Moreton’s attention to gender, class, and a changing workplace goes a long way toward helping her readers to understand the new religio-economic landscape. Readers are able to see the considerations that local populations have made in response to particular environmental, cultural, and economic situations. These communities are not merely passive recipients of the inventions of corporate America, but participants constructing and mobilizing these rhetorics and identities for themselves. Combining Kruse’s and Moreton’s stories would help us understand how local histories intersect with the corporate invention of Christian America, how particular communities relate to national ideas, and how religion and economy are lived in relation to complex entanglements that individuals and communities actively negotiate.
Another recent study of the intertwining of evangelical Protestantism, capitalism, and conservative politics, Darren Dochuk’s From Bible Belt to Sunbelt: Plain-Folk Religion, Grassroots Politics, and the Rise of Evangelical Conservatism, details the transformation of Southern evangelical migrants to California into the conservative voting bloc that we recognize today. Again, like Moreton’s, it is a story that overlaps with Kruse’s narrative but is told from the bottom up.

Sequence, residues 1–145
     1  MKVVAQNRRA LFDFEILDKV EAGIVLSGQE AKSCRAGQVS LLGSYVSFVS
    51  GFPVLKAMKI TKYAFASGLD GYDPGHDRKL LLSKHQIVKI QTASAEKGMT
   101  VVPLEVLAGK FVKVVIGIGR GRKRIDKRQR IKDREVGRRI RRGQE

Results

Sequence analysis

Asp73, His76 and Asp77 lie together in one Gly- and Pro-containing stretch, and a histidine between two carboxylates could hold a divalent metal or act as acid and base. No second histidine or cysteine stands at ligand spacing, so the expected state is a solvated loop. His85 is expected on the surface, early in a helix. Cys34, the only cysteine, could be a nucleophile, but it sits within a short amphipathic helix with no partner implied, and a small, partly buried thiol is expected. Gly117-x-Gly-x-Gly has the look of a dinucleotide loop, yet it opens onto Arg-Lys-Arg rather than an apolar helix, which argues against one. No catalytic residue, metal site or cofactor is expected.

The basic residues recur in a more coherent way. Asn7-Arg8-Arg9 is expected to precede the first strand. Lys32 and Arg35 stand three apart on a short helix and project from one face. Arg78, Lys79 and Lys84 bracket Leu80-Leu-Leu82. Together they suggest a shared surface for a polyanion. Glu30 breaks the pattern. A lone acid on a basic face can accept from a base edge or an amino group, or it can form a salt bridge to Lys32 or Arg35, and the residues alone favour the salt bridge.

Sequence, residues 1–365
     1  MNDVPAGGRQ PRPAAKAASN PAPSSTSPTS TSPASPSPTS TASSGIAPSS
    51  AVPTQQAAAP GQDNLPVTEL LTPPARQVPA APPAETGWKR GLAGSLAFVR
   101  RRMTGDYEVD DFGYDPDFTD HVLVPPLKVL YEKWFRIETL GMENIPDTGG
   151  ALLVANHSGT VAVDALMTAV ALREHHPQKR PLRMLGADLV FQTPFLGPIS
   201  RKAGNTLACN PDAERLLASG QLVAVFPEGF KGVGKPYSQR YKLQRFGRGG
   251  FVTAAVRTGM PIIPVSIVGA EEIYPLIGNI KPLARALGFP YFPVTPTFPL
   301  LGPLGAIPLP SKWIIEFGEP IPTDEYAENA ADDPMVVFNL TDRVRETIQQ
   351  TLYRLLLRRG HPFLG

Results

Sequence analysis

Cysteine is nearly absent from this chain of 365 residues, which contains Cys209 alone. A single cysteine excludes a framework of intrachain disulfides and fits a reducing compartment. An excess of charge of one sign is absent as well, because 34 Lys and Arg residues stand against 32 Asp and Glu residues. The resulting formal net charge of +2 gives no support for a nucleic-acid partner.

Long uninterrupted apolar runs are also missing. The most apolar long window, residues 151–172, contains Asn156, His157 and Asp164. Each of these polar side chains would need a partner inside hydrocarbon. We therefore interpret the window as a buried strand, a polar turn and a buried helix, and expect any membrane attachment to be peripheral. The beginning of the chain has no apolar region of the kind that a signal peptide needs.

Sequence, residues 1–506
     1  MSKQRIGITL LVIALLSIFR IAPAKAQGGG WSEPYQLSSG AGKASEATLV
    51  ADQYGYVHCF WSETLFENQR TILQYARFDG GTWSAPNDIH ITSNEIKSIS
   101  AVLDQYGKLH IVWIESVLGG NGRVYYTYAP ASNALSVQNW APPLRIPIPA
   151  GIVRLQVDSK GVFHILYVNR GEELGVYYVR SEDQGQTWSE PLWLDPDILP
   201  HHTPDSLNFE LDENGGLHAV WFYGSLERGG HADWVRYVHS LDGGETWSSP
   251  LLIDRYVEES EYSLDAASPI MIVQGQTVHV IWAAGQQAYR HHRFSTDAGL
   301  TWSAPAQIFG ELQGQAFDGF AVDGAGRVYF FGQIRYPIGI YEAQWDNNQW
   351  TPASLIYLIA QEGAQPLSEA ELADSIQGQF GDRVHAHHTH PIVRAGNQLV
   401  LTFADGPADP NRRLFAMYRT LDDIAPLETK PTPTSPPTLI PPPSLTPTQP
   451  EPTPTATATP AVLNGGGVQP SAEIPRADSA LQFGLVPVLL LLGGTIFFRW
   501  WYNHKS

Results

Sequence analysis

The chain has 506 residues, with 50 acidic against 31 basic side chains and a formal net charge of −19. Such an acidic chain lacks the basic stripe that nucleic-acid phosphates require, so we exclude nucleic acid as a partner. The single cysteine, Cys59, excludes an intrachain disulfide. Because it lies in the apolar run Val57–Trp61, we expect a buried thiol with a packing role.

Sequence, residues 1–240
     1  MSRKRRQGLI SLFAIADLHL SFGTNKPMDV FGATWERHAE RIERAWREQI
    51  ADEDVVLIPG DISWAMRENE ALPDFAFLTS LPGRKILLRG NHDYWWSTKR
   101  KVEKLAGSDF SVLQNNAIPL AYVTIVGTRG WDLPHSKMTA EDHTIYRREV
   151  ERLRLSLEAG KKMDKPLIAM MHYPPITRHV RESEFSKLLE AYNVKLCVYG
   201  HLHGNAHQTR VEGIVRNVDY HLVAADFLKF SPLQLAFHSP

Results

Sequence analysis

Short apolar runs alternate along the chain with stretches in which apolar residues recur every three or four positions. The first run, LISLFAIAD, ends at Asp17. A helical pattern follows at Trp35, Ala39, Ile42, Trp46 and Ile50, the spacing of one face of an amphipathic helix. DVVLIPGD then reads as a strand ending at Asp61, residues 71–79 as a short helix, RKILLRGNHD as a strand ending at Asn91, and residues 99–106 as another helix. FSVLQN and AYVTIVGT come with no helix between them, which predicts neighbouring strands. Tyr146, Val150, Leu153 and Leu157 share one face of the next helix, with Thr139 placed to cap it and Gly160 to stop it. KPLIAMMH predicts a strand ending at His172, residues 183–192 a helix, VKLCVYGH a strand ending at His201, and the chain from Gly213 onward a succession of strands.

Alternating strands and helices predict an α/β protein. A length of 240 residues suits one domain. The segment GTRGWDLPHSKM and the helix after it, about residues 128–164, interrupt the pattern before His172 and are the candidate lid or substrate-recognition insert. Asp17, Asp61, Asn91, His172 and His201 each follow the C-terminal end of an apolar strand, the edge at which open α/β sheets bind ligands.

Changing identities, class markers, and evangelical positions meet political and corporate interests in particular circumstances, finding affinity and common cause. For instance, Southern evangelicals who moved to southern California carried with them particular religious and class identities that evolved in their new location. In California they encountered new alignments of religion and politics, creating an identity crisis that led them to adopt a more conservative political outlook. The new economic possibilities that they found in their new home brought evangelicals into alliances with business and intellectual conservatives.
Like Moreton’s Wal-Mart clerks, Dochuk’s evangelicals were able to find affinity between their own concerns and those voiced by the corporate “Christian America” movement in local contexts. Both groups shared the rhetoric of Christian identity, pro-free enterprise, and anti-federal control. But both came to these views from different experiences and reasons. It is worth noting that such common causes contain tensions and contradictions that are not always self-evident.